Document Type



Summer 2021

Academic Department


Faculty Advisor(s)

Dr. Robert Wickham


Nicotine addiction harms millions of individuals worldwide: financially, socially, and psychologically. Successful smoking cessation could dramatically improve the quality of life for these people. A key driver of smoking relapse centers around associated environmental cues, which induces craving and drives a smoker to re-initiate smoking. Previous work has shown that nicotine can enhance the reinforcing properties of reward-associated cues in male rats. This research aims to evaluate nicotine’s effect on female rats using a behavioral assay called “cue-induced reward-seeking.” In this behavioral assay, rats are trained to press a lever that produces liquid sucrose along with an audiovisual cue. After the training period, the liquid sucrose reward is omitted. Surprisingly, animals will keep pressing the lever, as the cue has become synonymous with the reward. Here, we describe various approaches (water deprivation, food restriction, and shaping) that could potentially be helpful in establishing sucrose self-administration with the goal of examining how nicotine influences cue-induced sucrose-seeking. Shaping was found to be the most influential approach in promoting sucrose self-administration. In future experiments, nicotine (0.4 mg/kg, s.c.) will be administered in these rats in a comparison with controls (saline, s.c.) prior to training to assess the effects of nicotine on cue-induced sucrose-seeking.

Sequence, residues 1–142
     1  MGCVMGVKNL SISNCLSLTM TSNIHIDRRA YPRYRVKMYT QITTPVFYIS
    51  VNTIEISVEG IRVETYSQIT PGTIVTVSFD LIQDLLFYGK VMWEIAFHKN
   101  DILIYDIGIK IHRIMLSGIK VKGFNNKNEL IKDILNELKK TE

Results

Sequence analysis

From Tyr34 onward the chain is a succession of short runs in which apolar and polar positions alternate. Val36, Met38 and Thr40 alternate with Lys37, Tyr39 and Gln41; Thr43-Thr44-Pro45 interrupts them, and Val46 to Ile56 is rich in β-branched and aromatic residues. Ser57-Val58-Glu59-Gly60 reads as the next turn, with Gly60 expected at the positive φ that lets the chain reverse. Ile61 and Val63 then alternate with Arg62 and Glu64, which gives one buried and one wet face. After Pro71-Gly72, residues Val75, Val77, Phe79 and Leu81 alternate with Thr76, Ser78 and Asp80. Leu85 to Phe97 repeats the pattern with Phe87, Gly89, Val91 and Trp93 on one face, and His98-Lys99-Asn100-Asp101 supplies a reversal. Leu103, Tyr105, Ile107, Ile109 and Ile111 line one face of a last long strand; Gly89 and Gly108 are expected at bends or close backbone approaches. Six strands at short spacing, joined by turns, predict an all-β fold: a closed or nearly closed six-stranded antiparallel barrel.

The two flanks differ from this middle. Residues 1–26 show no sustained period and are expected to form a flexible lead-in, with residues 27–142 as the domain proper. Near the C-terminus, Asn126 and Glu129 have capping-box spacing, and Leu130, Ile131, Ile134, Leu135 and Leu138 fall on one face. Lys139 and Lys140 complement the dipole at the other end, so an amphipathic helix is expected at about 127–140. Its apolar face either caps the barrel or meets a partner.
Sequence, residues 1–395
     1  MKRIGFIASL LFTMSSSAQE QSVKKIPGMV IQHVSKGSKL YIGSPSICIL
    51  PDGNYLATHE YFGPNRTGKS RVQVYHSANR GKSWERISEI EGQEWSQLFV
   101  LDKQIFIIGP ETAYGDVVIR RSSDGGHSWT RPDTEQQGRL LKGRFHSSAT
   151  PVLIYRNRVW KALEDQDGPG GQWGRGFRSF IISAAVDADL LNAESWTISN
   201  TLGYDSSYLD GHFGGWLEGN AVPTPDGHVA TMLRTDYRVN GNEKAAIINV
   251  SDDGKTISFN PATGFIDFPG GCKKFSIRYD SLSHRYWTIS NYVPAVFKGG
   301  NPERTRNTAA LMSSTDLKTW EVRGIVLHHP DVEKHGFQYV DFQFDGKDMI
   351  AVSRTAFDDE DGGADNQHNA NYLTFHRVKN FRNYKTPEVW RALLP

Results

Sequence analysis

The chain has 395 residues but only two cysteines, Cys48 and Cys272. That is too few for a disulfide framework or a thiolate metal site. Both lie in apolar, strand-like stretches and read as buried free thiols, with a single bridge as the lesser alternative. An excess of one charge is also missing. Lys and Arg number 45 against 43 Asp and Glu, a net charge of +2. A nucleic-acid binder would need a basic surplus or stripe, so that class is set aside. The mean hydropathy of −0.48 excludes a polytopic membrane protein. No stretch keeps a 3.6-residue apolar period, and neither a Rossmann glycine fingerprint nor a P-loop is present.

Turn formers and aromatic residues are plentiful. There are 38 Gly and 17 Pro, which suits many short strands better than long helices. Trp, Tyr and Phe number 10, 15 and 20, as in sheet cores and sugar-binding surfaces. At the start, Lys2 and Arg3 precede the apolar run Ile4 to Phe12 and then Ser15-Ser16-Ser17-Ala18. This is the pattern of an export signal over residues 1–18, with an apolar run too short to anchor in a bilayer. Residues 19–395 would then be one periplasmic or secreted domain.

Scholarship, Creative Arts, and Research Project (SCARP)

Included in

Psychology Commons